Example of a non-visible ladder located between two cargo holds with different landings
(Source: Investigation Report No: 55E /2014 Rep. of Cyprus)

Access ladder located between two wedges with different landings. Usually very small, poorly lit, and a poorly ventilated space. This type of ladder is not visible from either side of the wall.

Vertical ladder of a hold and its middle landing platform
Plan showing the location of a ladder located between two cargo holds with different landings

(Source: Marine Accident Investigation Section, Marine Department of Hong KongFootnote 4)

Appendix C: IMO Permit Form - Sample


Location/name of the enclosed space:
Reason for entry:
Validity of the permit Date and time To Date and time

Part 1 – Pre-entry preparation
(Must be verified by the person in charge)

Was the space effectively ventilated by mechanical means? Yes No
Has the space been isolated by closing off any pipes, ducts, or valves or by turning off the power supply? Yes No
Has the space been cleaned where necessary? Yes No
Has the atmosphere been tested and is it safe to enter? Yes No

Result of the readings of the detection device before the entry

Potential hazards

Permitted limits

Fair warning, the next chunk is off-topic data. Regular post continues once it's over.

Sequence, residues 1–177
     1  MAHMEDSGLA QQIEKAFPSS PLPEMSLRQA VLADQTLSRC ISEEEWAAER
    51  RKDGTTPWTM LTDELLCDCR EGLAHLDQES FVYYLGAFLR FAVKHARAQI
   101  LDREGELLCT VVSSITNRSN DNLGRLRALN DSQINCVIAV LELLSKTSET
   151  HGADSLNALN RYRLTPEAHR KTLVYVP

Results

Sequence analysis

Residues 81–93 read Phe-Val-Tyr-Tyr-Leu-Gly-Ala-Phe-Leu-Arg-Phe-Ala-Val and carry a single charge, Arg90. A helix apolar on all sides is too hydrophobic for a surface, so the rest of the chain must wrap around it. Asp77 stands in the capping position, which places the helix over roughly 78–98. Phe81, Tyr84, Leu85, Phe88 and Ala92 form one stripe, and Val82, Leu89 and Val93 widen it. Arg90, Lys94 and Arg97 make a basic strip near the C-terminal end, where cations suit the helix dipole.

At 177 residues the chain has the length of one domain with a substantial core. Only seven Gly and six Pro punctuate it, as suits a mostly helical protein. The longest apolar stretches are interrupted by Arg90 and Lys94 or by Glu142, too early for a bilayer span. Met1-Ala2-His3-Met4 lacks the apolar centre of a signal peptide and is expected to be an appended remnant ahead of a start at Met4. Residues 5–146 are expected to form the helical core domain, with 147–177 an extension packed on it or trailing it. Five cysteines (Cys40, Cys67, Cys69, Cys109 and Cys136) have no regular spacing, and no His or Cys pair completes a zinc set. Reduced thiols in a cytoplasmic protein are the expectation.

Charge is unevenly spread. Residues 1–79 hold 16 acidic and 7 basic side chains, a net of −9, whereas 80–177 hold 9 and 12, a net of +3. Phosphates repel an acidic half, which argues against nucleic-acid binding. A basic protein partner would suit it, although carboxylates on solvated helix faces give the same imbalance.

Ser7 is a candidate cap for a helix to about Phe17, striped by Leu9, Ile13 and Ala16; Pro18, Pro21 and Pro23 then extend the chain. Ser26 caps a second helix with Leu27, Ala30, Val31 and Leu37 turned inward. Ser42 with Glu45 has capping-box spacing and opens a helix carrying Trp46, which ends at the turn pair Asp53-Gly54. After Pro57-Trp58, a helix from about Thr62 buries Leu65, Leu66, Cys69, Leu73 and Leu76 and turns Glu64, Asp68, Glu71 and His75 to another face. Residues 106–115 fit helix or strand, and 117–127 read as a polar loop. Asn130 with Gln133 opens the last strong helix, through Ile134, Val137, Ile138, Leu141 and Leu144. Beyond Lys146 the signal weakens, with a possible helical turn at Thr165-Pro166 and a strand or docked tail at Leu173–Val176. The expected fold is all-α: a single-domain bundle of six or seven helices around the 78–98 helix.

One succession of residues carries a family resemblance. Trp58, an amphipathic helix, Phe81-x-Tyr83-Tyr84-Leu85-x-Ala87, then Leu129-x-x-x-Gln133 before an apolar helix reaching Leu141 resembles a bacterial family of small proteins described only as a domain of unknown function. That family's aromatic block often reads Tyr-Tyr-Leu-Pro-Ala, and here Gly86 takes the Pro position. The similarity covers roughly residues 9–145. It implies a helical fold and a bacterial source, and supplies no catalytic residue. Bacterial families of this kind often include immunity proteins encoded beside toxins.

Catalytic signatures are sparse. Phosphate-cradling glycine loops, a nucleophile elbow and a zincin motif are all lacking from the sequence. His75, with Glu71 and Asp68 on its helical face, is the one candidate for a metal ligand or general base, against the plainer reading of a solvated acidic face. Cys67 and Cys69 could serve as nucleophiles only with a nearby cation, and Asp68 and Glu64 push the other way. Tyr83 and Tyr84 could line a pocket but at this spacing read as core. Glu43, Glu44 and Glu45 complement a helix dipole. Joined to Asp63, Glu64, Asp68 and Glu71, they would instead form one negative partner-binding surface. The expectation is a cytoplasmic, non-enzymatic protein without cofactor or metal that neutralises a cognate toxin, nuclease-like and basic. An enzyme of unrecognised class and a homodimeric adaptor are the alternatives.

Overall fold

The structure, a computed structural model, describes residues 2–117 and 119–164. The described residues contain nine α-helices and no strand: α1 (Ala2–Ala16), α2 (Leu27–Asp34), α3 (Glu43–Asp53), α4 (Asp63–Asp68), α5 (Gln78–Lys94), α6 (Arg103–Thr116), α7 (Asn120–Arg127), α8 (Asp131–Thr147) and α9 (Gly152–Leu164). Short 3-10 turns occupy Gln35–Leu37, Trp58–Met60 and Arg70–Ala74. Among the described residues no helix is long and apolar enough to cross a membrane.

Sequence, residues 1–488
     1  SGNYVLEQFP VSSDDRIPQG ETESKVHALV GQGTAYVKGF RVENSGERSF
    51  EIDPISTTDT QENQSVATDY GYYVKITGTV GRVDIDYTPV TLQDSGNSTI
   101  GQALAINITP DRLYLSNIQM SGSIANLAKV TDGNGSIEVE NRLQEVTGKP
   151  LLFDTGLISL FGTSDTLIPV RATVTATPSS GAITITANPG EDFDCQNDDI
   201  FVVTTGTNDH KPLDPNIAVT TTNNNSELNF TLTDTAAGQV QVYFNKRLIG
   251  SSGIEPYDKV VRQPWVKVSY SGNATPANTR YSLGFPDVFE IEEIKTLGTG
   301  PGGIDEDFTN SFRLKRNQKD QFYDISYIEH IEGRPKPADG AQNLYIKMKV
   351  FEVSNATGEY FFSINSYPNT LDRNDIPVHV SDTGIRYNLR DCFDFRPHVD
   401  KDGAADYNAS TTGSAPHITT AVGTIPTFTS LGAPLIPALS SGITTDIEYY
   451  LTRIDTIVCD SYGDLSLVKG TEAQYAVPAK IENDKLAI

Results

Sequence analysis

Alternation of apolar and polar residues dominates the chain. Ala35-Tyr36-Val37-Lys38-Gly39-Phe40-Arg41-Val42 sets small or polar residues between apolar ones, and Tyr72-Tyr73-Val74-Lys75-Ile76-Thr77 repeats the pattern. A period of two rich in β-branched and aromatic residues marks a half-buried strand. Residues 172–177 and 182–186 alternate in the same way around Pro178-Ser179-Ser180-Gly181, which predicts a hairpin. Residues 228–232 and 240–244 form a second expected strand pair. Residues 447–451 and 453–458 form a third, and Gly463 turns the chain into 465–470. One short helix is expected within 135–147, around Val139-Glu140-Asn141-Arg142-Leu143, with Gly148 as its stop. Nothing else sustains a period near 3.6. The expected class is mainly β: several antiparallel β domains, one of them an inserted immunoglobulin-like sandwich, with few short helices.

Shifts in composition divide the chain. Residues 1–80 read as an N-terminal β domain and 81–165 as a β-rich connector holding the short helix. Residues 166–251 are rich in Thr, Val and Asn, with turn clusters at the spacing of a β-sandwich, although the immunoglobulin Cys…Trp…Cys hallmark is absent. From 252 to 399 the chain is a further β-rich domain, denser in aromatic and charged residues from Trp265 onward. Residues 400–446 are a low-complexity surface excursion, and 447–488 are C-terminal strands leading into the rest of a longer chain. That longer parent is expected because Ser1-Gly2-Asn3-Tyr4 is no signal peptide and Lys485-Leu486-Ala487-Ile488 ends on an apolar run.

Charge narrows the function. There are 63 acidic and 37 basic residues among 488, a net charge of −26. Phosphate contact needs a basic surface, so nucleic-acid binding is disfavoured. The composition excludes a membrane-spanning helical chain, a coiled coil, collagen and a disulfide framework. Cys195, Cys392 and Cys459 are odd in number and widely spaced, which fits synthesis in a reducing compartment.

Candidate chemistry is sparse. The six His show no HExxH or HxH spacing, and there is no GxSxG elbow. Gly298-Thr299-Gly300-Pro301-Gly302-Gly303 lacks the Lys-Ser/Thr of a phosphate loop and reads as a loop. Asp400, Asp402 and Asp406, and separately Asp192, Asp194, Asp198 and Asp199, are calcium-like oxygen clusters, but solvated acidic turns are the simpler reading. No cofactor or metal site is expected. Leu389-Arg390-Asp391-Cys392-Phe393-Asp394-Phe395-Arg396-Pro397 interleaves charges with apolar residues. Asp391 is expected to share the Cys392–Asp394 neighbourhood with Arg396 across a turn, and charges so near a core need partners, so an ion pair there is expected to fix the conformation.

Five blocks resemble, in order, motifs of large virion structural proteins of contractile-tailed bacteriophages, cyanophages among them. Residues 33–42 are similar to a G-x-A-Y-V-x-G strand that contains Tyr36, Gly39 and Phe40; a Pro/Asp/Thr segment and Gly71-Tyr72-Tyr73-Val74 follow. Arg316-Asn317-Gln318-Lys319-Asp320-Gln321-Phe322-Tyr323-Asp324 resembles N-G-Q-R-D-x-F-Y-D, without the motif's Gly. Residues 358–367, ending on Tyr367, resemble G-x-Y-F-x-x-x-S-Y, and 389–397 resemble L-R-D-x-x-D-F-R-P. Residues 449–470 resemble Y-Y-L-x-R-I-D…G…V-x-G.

Data collected

Oxygen rate in %. Min. 19.5% to max. 23%  
Carbon monoxide (CO) 35 PPM  
Hydrogen sulphide (H2S) 10 PPM  
Flammable or combustible gases (LEL) Max 10% LEL  
Realized by: Date and time:
Model and number of the gas detector:
Are arrangements in place to do frequent atmosphere checks when the space is occupied and after breaks? Yes No
Have measures been taken to effectively ventilate the confined space while it is occupied? Yes No
Is access to the confined space and lighting adequate? Yes No
Is life-saving and resuscitation equipment nearby or at the workplace? Yes No
Has a person been designated to provide constant surveillance at the entrance to the confined space? Yes No
Has the person in charge of the workplace been notified that a person or a crew is going to enter the confined space? Yes No
Has a system of communication between all parties has been established and understood by all personnel who will have access to the confined space? Yes No
Have emergency and evacuation procedures been established and understood by personnel who will have access to the confined space? Yes No